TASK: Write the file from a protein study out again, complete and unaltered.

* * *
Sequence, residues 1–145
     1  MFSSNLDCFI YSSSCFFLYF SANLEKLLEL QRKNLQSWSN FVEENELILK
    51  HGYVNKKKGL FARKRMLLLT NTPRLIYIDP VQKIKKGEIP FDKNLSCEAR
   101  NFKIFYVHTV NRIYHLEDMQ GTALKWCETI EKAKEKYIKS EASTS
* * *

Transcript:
Sequence, residues 1–145
     1  MFSSNLDCFI YSSSCFFLYF SANLEKLLEL QRKNLQSWSN FVEENELILK
    51  HGYVNKKKGL FARKRMLLLT NTPRLIYIDP VQKIKKGEIP FDKNLSCEAR
   101  NFKIFYVHTV NRIYHLEDMQ GTALKWCETI EKAKEKYIKS EASTS